Now here is something for all the Maxthon users out there. Thanks to the latest update, you are now able to transfer files from one platform to another (assuming they are on the same local network).
Although it currently supports Windows and Android devices only, Mac and iOS will be joining the fun really soon, turning Maxthon into a cross platform file manager.
Sounds intriguing? Give it a try.
Over the WebRTC, which doesn’t seem to be standardized.
Back in 2012, WebRTC, Google’s proposed web standard for audio, video chat and P2P file transfers, has gained a wide acceptance among various web browser vendors, including: Firefox, Opera, Maxthon and Google Chrome. While Apple is yet to implement and comment on WebRTC, Microsoft did raise some concerns and suggested their own web standard. That was back in August.
Now here is something to get you excited, a major browser release from something other than Microsoft or Google. As the name implies, the following build is all about the cloud. In fact, that’s where the majority of new features come from.
In addition to a much needed user interface redesign (although it still needs some work) and a new logo, Maxthon 4 focuses on three new things:
Mobile Browser Benchmarks: Android Browser 4.1 vs. Google Chrome 18 vs. Dolphin 9 vs. Firefox 17 vs. Maxthon 1.7 vs. Opera Mobile 12.1 vs. Sleipnir 2.5
Now here is something for the Android users.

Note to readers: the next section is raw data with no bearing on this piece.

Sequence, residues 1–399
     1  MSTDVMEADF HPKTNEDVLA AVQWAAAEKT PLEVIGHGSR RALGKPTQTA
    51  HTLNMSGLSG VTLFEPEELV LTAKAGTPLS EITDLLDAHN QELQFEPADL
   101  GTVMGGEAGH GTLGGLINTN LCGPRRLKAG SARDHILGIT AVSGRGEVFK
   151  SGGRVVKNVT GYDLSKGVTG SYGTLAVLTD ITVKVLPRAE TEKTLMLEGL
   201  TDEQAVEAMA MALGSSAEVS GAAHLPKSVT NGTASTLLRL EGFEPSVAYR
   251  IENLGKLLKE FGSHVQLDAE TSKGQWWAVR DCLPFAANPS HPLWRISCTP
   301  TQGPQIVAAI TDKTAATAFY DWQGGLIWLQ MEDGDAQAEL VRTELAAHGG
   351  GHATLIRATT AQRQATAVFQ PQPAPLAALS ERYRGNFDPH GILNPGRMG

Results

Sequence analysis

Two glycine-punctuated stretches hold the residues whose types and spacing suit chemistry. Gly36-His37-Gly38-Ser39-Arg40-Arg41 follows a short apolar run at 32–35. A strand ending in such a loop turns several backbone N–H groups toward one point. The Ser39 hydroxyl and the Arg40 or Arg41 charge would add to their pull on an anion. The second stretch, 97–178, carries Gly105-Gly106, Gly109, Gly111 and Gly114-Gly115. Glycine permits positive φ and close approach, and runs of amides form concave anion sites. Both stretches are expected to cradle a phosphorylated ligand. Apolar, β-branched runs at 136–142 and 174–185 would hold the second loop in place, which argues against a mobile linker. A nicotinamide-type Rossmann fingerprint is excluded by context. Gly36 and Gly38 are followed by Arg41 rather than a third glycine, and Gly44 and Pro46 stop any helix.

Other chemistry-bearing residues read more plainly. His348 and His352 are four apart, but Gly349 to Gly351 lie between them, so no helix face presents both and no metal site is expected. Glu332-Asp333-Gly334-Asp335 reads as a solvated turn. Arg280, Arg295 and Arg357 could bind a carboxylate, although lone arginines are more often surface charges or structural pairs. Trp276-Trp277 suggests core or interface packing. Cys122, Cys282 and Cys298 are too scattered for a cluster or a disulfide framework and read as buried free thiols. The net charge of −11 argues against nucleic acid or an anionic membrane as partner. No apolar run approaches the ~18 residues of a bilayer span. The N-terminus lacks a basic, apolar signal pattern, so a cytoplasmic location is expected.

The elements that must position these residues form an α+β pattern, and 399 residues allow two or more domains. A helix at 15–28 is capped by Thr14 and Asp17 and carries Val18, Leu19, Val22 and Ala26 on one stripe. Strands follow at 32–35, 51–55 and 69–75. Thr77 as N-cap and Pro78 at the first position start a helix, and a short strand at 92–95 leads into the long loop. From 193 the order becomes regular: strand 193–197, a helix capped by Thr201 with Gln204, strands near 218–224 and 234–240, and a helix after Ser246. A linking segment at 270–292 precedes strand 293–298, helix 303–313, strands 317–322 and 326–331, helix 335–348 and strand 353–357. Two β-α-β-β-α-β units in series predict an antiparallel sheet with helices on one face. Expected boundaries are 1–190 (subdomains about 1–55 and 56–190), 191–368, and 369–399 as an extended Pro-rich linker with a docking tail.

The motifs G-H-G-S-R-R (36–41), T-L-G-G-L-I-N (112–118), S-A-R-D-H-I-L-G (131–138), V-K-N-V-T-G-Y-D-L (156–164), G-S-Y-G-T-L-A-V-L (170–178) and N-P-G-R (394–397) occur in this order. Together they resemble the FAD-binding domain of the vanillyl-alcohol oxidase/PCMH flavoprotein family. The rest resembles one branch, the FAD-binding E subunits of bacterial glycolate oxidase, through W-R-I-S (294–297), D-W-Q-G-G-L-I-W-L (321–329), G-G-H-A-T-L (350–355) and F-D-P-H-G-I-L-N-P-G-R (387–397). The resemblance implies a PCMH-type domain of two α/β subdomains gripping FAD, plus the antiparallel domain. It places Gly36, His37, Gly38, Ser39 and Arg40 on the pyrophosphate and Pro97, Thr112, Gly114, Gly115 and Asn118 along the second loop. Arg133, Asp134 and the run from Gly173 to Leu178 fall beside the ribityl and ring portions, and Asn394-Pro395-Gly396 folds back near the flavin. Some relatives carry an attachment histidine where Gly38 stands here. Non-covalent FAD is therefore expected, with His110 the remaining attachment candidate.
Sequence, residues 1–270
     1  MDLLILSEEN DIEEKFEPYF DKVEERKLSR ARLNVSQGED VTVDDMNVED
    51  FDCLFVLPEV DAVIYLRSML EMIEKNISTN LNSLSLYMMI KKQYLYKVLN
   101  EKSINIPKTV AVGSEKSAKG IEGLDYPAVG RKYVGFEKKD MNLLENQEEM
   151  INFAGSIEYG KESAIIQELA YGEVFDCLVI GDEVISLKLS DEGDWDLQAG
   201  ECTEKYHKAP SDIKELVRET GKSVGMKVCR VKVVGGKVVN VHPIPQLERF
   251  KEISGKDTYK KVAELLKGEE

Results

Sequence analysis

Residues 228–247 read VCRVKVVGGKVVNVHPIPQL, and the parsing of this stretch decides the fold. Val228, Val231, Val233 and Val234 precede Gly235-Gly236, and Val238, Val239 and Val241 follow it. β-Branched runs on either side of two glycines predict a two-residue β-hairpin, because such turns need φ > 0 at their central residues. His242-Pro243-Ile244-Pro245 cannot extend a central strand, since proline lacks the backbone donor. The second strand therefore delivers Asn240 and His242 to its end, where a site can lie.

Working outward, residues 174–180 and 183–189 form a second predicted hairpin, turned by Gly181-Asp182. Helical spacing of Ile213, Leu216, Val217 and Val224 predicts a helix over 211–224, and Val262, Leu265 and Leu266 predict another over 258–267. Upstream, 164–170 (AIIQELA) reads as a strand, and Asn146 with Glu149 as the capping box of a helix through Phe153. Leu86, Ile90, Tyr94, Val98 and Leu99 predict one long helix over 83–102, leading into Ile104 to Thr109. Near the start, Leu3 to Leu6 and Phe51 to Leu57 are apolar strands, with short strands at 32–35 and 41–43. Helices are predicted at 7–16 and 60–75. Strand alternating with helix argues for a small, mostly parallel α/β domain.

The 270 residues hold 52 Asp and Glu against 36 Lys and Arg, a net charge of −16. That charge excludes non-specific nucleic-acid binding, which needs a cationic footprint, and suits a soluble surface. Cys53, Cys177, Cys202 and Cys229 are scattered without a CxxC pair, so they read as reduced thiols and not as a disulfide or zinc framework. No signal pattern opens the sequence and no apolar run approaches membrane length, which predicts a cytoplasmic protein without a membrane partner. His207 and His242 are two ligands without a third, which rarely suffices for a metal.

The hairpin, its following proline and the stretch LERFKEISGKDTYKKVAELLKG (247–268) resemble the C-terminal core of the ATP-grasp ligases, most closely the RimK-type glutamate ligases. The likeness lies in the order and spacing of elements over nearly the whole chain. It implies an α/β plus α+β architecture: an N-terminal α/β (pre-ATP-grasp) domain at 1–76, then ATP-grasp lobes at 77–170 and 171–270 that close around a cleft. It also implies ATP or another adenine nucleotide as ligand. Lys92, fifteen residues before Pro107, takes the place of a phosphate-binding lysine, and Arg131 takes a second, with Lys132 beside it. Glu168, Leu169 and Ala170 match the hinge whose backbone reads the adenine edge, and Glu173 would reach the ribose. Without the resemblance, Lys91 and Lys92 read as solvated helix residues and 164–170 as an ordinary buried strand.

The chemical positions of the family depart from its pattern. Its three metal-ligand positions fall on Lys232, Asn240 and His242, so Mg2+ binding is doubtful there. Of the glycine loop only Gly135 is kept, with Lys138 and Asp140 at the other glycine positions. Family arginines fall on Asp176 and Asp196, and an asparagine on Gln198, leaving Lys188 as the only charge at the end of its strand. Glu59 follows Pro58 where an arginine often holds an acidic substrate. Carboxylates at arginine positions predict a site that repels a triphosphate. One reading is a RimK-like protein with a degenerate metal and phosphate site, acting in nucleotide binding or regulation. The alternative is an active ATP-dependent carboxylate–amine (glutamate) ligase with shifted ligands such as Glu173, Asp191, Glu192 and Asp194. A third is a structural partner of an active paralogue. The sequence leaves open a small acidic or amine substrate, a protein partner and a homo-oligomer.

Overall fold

Guys from TomsHardware took massive list of Android 4.1 (Jellybean) supported web browsers and tested all of them. If you got confused by too many alternatives, this article should give you a pretty good indicator on who’s leading and who’s lagging in this area.
You will be surprised, I promise. If not, you are not getting your time back.
Following the release of the Safari 6 web browser, which targets only Apple’s own operating system, the browser ballot screen has been updated as well.
As it turns out, Maxthon has since replaced Safari and now appears in the top 5 list.
On a related note, Windows 8 browser ballot screen has just arrived via Windows Update.
Well, here is a nice gift for the Amazon’s Kindle users: a new release of the Maxthon web browser.
There is one issue though, we are not sure what the version number is or what are the changes.
On the app page it says v2.6.7, however, the changelog is completely different from the one posted on their official blog.
Anyway, you can grab it here at no cost.
Good news for all the Mac OS X users out there, Maxthon, one of the most popular web browsers in China, is now available for both Microsoft’s and Apple’s operating systems.
Although we couldn’t find a list of Maxthon 1.0 features, judging by the screenshot below, it should bring most if not all the goodies from the Maxthon 3.0.
Reestablishes the trust.
Recently, Maxthon was accused of cheating its score in the HTML5Test but, as it turns out, it’s not all doom and gloom for the Chinese company.
As explained in their official blog post, they simply released a build that (partially) supports Web GL, ‘Get user media’ and ‘Subtitles’ attributes too quickly and that, as a result, caused quite a backlash.
Thinks that they can outsmart everyone else.
When you start bundling crap with your web browser, you know that there is something fundamentally wrong with your priorities. So, what do you do when you have already lost your dignity and suck at pretty much everything you do? You cheat, obviously.
After claiming that Maxthon scores a total of 467 points in the HTML5Test, Niels Leenheer has found out that this is not exactly the case. In fact, they enabled features that do not actually work, just to boost the meaningless score.
As previously reported, Maxthon 3 has been quite good at supporting the upcoming HTML5 standards. Now, after tasting the sweet fruits of victory, Maxthon developers continue to march forward with a new release.
So what’s new?